In recent years, conflict and violence have propel the rate of displaced individuals to the highest levels since the Second World War, reigniting concerns on immigration and crime. Mass re-settlement initiatives have also changed the social and economic landscape of cities and neighborhoods, opening up an entirely new set of challenges for host nations. From an academic vantage, empirical inquiries are complicated by the dynamic, multifaceted and heterogeneous nature of immigration—complexities that also impact theory-based interpretations of the relationship. The polarization of sentiments complicate political and social perspectives. Advocates for restrictive immigration policies argue that immigrants are inextricably crime prone, while those in support of open immigration policies counter. Empirical research has proliferated in recent years, findings consistently show negative or null relationships between immigration and crime—yet researchers still know relatively little about why findings occur. As such, the current thesis aims to contribute to a better understanding of the immigration-crime link by addressing empirical and methodological gaps that help identify contextual mechanisms that underlie the relationship. Empirically, multi-dimensional, theoretically derived measures of immigration are analyzed—attending to the limitation of overly broad, single dimension, measures. Limitations also stem from a paucity of research that test the relationship at smaller aggregate units. This gap is addressed using census-tract level data and spatially referenced crime data to test immigration effects on disaggregated property crime types across neighborhoods in Vancouver, British Columbia, Canada, 2003-2016. Methodological limitations develop from the use of global analytic models in assessments of ecological spatial data. Accordingly, local-level spatial analytic techniques are utilized—the spatial point pattern test and geographically weighted regression and a decomposition model. Overall, findings importantly show significant spatial variation in the effect of immigration on property crime (spatial non-stationarity). Results also demonstrate significant variation across immigration measure, property crime classification, effects are also distinguished between and within neighborhoods. Findings therefore, illustrate the context dependent nature of immigration effects on crime. Therefore, in order to develop a better understanding of the immigration-crime link future research should move beyond monolithic expectations and adopt research strategies that account for contextual factors that help explain differential relationships between immigration and crime.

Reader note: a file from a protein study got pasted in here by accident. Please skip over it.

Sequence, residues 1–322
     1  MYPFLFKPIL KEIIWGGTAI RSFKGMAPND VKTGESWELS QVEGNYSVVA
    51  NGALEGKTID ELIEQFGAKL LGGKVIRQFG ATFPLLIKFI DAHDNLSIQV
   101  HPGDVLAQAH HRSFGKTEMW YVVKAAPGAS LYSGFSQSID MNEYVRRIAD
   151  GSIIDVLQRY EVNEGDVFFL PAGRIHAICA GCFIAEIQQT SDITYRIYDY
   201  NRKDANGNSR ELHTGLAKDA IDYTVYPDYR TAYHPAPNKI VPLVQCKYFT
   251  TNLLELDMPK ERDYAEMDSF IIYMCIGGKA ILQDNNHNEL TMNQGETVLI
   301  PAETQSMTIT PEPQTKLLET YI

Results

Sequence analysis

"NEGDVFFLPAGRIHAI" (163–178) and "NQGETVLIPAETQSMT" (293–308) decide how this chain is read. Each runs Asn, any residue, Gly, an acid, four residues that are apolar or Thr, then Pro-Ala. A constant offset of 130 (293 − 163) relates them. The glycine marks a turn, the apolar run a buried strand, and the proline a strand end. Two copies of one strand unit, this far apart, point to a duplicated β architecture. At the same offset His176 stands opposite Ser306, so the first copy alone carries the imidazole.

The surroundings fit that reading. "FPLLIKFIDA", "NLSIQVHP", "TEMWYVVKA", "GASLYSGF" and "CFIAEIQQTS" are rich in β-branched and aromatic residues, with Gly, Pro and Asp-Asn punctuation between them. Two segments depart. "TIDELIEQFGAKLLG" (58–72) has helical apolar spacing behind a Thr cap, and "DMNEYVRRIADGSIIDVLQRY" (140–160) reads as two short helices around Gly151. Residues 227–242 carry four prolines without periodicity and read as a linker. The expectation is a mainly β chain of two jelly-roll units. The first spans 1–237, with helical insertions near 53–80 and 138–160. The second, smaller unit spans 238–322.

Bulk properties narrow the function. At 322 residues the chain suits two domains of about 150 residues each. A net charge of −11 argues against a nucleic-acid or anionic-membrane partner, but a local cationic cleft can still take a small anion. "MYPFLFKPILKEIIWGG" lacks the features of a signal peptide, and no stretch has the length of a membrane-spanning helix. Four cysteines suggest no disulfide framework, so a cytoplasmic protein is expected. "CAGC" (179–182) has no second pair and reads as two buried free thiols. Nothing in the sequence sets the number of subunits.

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Thesis advisor: Andresen, Martin
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